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Deck vs patio
One of our most frequent customer requests is for a deck. It's no surprise. Decks are as common in Canadian backyards as grass and barbecues. They're versatile, relatively affordable and allow for easy transitions between levels in a yard. People grew up with decks. Their friends have decks. They may already have a deck that needs to be replaced. But sometimes a deck isn't the best choice.
A patio is a better choice if your deck will be built on the ground, because wood and moisture don't mix. A deck has defined edges, while a patio is more forgiving if you need to add extra chairs for a gathering (a chair leg can slip off the edge of a patio with zero embarrassment to the guest!) Patios don't require a permit and aren't subject to setbacks. Plus, the materials used in most patios last forever.
A deck is definite first choice when there's any elevation involved in your design, such as when you need to connect an above-grade exterior door to the yard below. A deck allows you to take advantage of beautiful views. If your yard is uneven, a deck can handle grade changes without requiring a retaining wall.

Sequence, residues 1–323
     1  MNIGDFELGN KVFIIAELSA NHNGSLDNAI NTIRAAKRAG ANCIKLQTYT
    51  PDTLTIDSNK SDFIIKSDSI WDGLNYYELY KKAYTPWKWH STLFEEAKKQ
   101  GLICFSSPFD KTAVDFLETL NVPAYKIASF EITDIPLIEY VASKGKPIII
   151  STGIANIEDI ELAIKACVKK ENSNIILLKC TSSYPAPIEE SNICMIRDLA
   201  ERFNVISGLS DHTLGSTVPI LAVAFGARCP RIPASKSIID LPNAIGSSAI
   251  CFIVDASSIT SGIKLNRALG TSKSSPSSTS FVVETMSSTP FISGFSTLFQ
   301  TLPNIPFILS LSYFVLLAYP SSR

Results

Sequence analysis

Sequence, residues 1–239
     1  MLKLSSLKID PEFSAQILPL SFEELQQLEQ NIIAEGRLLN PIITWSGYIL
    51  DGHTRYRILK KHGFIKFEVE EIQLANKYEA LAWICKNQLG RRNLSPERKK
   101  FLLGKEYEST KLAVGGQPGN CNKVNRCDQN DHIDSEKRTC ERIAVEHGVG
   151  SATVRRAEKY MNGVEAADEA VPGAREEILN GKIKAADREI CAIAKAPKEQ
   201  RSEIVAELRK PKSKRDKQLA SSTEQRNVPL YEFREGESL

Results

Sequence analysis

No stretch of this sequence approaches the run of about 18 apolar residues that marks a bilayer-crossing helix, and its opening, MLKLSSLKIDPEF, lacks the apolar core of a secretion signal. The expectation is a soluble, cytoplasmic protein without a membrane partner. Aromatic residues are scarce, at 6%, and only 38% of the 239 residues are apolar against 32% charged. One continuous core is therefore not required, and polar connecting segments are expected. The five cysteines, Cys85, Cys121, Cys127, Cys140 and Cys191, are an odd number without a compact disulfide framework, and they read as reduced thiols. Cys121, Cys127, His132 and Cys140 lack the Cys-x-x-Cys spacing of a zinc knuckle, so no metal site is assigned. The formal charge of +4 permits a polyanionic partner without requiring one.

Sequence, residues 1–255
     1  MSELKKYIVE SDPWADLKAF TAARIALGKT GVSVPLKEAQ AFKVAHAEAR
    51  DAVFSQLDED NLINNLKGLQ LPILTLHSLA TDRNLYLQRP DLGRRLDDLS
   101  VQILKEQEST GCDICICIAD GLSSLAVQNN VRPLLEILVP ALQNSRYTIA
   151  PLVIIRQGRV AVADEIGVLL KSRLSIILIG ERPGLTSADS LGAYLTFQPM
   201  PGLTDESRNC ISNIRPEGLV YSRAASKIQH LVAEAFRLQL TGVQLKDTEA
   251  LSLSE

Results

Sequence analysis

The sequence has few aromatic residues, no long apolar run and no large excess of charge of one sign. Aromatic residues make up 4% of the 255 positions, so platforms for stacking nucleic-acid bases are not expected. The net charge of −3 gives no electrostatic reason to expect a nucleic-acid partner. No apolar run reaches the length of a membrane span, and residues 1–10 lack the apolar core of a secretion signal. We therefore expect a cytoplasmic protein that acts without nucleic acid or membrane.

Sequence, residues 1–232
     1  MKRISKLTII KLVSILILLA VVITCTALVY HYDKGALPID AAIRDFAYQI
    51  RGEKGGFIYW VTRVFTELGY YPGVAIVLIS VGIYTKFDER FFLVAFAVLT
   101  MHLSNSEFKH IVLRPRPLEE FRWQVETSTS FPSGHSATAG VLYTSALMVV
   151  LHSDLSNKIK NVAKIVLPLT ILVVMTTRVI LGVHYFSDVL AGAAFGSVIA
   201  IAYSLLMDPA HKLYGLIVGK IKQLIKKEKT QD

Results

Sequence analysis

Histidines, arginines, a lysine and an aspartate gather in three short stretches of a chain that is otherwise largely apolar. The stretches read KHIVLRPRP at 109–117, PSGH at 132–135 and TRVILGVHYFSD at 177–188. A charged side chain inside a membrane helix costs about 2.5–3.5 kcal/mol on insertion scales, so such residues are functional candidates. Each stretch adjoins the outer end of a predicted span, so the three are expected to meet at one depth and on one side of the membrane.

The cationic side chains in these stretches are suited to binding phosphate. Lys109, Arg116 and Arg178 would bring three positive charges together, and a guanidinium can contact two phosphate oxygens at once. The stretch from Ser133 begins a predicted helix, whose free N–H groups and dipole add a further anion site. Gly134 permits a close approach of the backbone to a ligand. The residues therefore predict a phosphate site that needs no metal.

Decks and patios go head-to-head in this deck vs patio article, which compares the two on 10 criteria.
How a landscape architect can help
We often think of a deck as something to build in a weekend with the buddies and a couple of cases of beer. But who's taking a step back to consider the big picture? And how will you know your project is built properly?
When you work with a landscape architect, you get expert advice from someone who thinks first about the overall design and whether a deck or patio will get you closer to your end goal. Someone who knows building codes and bylaws, will ensure your property is graded properly and will bring in a structural engineer to confirm your deck can support a hot tub. If you want a creative thinker who will make sure you don't blow your budget or end up with deck regret, you'll want to work with a landscape architect on your patio or deck project.
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Deck and patio dos and don'ts
The best decks and patios look great and are built to last. They're well laid out, consider traffic flow and provide adequate space for the activity (or activities) they're designed to accommodate. The site is professionally prepared, the structure complies with local building codes and bylaws, and the materials are appropriate for the climate, use and budget.
No-nos include choosing dark coloured composite decking (it will get very hot in the summer sun); not grading the property properly before the deck is installed; using flagstone in an area that needs to be shovelled or where furniture needs to sit level; putting a glass rail next to a barbecue (unless you like cleaning); and scrimping on your patio size.